Ryan Poles

Bears Eyeing Major Staff Changes?

While the Matt NagyRyan Pace regime showed early issues, the Bears did not produce a losing season until the fourth and final year of that partnership. Although circumstances are a bit different for Matt Eberflus and Ryan Poles, the team is in a worse spot than it was during the previous duo’s run.

The Bears have now lost 13 straight games, and their defense has cratered under Eberflus, a defensive-oriented head coach. Alan Williams, the defensive coordinator who followed Eberflus from Indianapolis, lasted only 18 games with the team. Inappropriate conduct on Williams’ part is believed to have occurred, and the Bears’ defense has taken significant steps back since Eberflus arrived. While the Bears have gutted the nucleus that helped Mitch Trubisky pilot the team to two playoff berths, it finished last in points allowed in 2022 and ranks 31st this season.

Following Williams’ exit and Justin Fields making comments about the coaching staff’s role in his struggles — a point the third-year QB attempted to walk back — Poles addressed the state of the team. The Bears are early in the Poles-run rebuild, but a new president — ex-Big Ten commissioner Kevin Warren — is in place. A growing suspicion exists in league circles Warren is already considering rebooting the operation, Jason La Canfora of the Washington Post notes.

Fields ranks last in QBR, sitting nearly six points behind Zach Wilson, through three games. The Poles regime did not draft Fields, who threatened to break Lamar Jackson‘s single-season QB rushing record last season, but has a clear stake in his future. The Bears traded away the No. 1 overall pick, showing a belief in Fields over an investment in the likes of Bryce Young or C.J. Stroud. Chicago should be well-positioned for the 2024 draft, holding their own pick and Carolina’s. Another QB investment may be necessary, but it will be worth wondering if this regime will be in place to make the picks by then.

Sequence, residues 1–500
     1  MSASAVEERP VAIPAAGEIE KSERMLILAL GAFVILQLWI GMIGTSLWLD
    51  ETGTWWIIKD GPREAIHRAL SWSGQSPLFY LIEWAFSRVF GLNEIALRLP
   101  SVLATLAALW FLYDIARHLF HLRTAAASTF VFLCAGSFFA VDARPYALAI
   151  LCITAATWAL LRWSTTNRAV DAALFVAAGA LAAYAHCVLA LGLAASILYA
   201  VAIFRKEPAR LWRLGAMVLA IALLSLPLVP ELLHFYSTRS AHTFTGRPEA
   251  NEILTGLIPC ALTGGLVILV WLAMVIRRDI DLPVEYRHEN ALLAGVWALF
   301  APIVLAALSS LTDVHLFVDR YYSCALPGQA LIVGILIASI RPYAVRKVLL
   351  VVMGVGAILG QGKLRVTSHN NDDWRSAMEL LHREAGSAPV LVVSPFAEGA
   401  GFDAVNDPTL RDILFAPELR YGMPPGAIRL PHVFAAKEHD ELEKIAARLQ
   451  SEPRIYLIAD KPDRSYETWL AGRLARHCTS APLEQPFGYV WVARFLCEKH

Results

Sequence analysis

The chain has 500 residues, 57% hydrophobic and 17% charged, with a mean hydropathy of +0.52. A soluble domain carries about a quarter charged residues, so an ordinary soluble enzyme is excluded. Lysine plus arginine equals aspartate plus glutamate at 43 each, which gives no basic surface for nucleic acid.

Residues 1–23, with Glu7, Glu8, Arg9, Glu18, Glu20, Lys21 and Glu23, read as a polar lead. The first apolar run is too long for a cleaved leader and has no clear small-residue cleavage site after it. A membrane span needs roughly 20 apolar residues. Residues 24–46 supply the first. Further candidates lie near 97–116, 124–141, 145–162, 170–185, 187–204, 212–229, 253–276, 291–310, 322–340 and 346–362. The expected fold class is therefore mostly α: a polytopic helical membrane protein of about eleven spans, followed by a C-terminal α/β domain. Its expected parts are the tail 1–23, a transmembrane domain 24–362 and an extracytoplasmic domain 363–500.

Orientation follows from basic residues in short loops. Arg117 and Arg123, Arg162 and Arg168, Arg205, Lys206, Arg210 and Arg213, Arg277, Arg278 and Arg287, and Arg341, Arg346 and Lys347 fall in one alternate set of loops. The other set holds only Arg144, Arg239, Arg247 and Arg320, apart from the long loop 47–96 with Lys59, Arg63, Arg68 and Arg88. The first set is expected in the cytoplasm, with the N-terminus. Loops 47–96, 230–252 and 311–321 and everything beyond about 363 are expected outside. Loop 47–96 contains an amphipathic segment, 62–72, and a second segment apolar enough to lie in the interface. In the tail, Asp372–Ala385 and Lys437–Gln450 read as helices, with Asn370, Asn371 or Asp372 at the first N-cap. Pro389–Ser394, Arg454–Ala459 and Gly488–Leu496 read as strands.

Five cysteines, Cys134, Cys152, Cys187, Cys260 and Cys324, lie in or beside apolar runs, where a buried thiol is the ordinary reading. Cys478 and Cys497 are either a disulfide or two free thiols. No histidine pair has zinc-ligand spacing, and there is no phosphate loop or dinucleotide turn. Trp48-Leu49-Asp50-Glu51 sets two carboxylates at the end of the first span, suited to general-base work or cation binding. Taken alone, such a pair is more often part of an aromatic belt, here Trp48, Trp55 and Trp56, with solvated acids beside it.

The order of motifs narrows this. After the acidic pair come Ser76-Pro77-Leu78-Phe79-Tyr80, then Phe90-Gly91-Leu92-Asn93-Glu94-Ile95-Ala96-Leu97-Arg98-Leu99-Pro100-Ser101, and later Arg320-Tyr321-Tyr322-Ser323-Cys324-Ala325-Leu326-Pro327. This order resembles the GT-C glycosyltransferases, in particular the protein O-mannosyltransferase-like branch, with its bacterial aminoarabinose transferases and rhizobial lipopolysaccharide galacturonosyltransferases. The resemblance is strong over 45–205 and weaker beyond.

One GM told La Canfora that Warren has seen enough to know change needs to take place. The Bears do not fire coaches in-season, and it would represent a quick trigger to dump Poles so early in his rebuild effort. But two-and-done coaches are standard practice in the NFL. Quick GM hooks are less common, though these moves have taken place in the recent past. The Jets dropped John Idzik after his second season, while the Texans canned Brian Gaine midway through his second offseason.

Warren arrived in January, succeeding longtime team president Ted Phillips. The latter was in his final months on the job when Poles and Eberflus were hired, and La Canfora notes Bill Polian played a lead role in the hires. The Bears have kept their organizational workflow in place from the Phillips era, with Warren stationed as the buffer between ownership and the football ops department. Warren would have the power to fire the second-year GM-HC duo and lead the next search. Not directly in charge of the Bears’ football ops, Warren is believed to have a role on that side.

The Bears have not had a two-and-done HC since Marc Trestman, who was fired after the 2014 season. Trestman also stands as the Bears’ only two-and-done period since the 1970 merger. Trestman went 13-19. Poles should be considered on safer ground, but Eberflus — now in place as the Bears’ defensive play-caller — should certainly be viewed as a hot-seat occupant given recent developments.

The NFL’s Longest-Tenured GMs

The latest NFL general manager hiring cycle only produced two changes, but each took over for an executive who appeared in good standing at this point last year.